Working on the collections in the Natural Sciences Department of the National Museum Wales can be both enlightening and complex. Visiting from Bangor University for a week in Cardiff, we were involved with work in the invertebrate biodiversity section, in particular with bivalves and polychaetes. We were very privileged to gain lots of laboratory skills during this process and undertook a huge variety of tasks!
We were got down to business with sorting a benthic survey sample from 2013 into Polychaeta, Mollusca, Crustacea and Echinodermata by investigating samples under the microscope. To our amazement, we found a big diversity of species just within the samples we looked through, finding everything from bristle worms to isopods! Later in the week we also took on the challenge of trying to identify the polychaete species we found, with some kind help from Teresa. Whilst it was challenging at first, we all became much better by the end and even managed to identify some just by their tails! Teresa also kindly showed us how polychaetes are photographed for publication and identification guides, which was very interesting – it takes a lot of patience and is quite fiddly but the final results are incredible!
Another aspect of the laboratory work included sorting some live polychaete samples brought in by Andy from a recent survey. This included smashing up some of the rocks to get to all the invertebrates hiding inside, a bit like cracking an Easter egg open! One of the most stunning specimens we found was of a Serpulidae worm, which at first was curled up with just the operculum visible, but after waiting patiently it uncurled into a beautiful fan-like structure!
Our work with bivalves began by sorting a collection donated by CCW - Countryside Council for Wales (now Natural Resources Wales) - originally collected by Bangor University back in the 50’s, and inputting the collection details onto the museum's digital database. However, obstacles were met along the way: some sections contained more than one label indicating that more than one species were in the same container, as well as the same species all from different places! But Anna kindly trained us up so we were able to organise shells into the correct species groups and off we went! We sorted some beautiful shells, including razor clams! For some specimens, a light microscope was needed in order to see the most important features for identification. By using the British Bivalves online database, created by museum staff, we were able to ensure that the names of the shells were up to date.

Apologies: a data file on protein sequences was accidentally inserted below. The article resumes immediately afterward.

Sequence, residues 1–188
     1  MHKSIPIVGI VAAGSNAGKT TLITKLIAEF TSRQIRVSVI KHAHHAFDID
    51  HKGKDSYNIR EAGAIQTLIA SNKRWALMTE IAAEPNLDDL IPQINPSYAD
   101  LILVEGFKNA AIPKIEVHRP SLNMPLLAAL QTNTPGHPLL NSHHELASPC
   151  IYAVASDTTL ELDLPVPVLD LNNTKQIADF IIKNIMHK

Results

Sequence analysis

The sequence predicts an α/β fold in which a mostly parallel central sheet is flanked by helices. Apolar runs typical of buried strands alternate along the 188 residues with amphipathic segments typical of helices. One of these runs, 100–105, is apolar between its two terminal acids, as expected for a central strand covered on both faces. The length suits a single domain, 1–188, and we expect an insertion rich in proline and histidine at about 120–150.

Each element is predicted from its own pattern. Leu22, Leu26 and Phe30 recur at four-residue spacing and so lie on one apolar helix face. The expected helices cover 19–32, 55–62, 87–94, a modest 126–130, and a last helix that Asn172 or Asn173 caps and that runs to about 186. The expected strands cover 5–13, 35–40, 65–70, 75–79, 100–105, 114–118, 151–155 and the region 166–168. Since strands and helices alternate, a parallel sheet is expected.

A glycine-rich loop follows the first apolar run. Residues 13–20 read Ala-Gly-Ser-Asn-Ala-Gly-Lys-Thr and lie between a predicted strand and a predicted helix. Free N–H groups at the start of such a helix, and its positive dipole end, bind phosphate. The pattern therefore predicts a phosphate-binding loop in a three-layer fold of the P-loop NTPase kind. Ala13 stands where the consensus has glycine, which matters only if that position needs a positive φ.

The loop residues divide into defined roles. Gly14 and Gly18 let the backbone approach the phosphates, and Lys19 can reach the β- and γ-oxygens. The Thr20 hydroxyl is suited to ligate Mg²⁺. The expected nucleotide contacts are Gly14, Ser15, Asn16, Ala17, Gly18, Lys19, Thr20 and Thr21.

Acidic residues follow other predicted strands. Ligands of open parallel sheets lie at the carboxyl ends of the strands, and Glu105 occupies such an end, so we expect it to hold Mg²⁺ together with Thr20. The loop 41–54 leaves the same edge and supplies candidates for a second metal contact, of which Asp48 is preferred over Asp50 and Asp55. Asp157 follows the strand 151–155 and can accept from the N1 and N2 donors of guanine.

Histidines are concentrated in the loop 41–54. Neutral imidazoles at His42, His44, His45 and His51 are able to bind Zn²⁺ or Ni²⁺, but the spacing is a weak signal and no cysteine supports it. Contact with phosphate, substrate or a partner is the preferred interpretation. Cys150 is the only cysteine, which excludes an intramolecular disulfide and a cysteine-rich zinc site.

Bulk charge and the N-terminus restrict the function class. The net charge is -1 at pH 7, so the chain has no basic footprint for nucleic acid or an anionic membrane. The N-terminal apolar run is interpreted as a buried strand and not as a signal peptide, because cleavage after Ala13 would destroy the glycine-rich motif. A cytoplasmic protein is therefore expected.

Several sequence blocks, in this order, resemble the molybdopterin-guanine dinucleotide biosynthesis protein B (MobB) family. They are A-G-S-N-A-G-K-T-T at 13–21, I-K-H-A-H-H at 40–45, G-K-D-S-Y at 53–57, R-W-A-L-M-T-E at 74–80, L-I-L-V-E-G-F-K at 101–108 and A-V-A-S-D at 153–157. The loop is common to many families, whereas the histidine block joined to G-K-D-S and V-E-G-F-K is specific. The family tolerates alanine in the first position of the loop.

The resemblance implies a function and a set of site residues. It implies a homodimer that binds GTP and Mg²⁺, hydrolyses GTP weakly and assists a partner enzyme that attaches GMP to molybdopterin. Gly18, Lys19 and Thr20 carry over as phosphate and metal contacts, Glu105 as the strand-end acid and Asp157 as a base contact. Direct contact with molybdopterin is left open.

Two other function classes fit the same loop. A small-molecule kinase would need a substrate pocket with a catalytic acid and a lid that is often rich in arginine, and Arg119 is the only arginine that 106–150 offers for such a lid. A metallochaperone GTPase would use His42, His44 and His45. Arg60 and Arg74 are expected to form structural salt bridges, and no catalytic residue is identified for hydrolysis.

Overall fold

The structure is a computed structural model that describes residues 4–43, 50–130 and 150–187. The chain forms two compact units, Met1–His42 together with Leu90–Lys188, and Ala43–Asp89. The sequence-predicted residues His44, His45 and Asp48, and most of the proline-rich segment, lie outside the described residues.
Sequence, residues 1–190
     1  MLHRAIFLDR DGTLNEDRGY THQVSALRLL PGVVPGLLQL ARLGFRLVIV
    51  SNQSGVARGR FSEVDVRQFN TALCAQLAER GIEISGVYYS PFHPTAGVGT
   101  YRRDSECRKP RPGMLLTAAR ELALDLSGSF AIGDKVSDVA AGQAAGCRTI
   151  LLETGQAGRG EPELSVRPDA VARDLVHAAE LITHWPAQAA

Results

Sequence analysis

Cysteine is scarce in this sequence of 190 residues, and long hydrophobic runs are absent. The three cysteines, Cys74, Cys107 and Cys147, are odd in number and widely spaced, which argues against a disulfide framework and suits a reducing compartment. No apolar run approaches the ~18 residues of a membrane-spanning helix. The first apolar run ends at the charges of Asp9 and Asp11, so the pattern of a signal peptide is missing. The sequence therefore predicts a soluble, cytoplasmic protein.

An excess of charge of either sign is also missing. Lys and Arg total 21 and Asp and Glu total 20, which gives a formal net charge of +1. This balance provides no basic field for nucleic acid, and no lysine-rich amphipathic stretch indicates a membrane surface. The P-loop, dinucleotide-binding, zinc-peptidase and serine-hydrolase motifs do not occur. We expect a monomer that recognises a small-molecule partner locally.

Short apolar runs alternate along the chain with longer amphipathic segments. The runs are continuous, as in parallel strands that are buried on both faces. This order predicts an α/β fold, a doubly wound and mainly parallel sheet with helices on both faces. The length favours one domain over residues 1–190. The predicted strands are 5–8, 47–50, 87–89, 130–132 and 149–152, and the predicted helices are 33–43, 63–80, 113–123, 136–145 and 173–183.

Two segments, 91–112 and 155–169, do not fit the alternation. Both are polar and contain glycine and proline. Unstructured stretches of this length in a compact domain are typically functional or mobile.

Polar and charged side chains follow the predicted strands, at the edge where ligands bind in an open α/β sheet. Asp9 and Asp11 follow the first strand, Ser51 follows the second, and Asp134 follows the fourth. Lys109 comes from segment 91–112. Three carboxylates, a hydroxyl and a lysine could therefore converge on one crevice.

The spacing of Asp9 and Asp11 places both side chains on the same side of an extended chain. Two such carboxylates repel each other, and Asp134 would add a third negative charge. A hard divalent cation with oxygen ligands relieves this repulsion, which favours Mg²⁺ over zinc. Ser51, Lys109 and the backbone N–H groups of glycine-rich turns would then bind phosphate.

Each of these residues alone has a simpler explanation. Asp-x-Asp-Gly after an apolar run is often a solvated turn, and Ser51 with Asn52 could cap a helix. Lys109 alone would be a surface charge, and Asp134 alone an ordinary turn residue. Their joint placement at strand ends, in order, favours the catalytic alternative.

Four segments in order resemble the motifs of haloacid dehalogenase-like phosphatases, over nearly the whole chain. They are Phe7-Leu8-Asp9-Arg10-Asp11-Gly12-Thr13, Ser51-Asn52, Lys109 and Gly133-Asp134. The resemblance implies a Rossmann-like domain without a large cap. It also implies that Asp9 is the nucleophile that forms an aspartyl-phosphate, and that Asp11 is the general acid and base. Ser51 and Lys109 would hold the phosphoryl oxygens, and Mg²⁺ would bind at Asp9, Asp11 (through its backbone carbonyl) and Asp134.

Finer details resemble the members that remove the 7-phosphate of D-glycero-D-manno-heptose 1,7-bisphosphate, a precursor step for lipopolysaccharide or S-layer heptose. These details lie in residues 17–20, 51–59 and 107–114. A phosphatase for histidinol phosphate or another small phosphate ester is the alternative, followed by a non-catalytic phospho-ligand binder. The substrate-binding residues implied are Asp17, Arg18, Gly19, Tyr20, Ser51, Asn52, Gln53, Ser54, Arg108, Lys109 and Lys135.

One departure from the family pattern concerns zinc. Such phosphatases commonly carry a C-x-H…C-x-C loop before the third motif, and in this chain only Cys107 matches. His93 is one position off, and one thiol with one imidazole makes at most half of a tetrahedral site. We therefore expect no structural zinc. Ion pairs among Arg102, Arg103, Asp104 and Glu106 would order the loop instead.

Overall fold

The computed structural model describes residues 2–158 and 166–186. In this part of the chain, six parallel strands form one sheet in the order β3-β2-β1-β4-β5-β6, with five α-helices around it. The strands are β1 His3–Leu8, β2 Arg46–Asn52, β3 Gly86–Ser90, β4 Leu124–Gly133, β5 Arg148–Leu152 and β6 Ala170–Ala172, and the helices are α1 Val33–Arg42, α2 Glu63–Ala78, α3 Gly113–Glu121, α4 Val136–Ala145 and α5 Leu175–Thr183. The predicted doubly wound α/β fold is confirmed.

While there we had an explore around the collection and came across some stunning shells, including a huge Triton shell, which is from a species of sea snail that preys on Crown-of-Thorns starfish! The mollusc collection at the museum contains lots of other shell bearing creatures such as limpets and snail-like shells, as well as books on molluscs dating all the way back to the 17th century that contain a wealth of knowledge, and are stored in a glass bookcase to protect them from the environment.
While the hands-on science occupied the majority of our time at the museum, we also got to explore the treasure trove of wonderful collections that is the Natural Sciences Department of the National Museum Wales. We started off with a behind the scenes tour of a variety of collections, from some containing thousands of shells to others with all the bee species in Britain! We can definitely say we never knew there were so many different species! We slowly explored a snippet of the wonders the museum holds, and the knowledge available from the specimens kept there and the staff who care for them (our 11 o’clock coffee breaks were a great time to discuss the ins and outs of curating a collection with museum staff, from seaweed – which you can press just like a flower! - to penguins and of course, worms!).
Our adventures behind the scenes didn’t stop there! While working on the collections we were lucky enough to have a go at 3D printing, which is a mesmerising process to behold. In addition to the printing we witnessed how the fantastic images you see on display in the museum gallery and within books and papers from the staff are created. A fine art of patience and care creates beautiful imagery of amazing detail. Our time at the museum was spent just prior to Christmas allowing us to join the wonderful museum carol service, which was held in the main hall and made up of members of the museum staff, all with amazing voices. As for Cardiff, it was our first time in this vibrant city for all three of us; the foods in Cardiff market are amazing and some of the restaurants are a must go – and of course ice skating in front of the beautiful collection of buildings, one of which is the museum (we didn’t fall over either)!
The week we spent with the museum has given us an insight into how the amazing collections on display are put together, as well as gaining some hands-on science experience, and we will hopefully return again soon!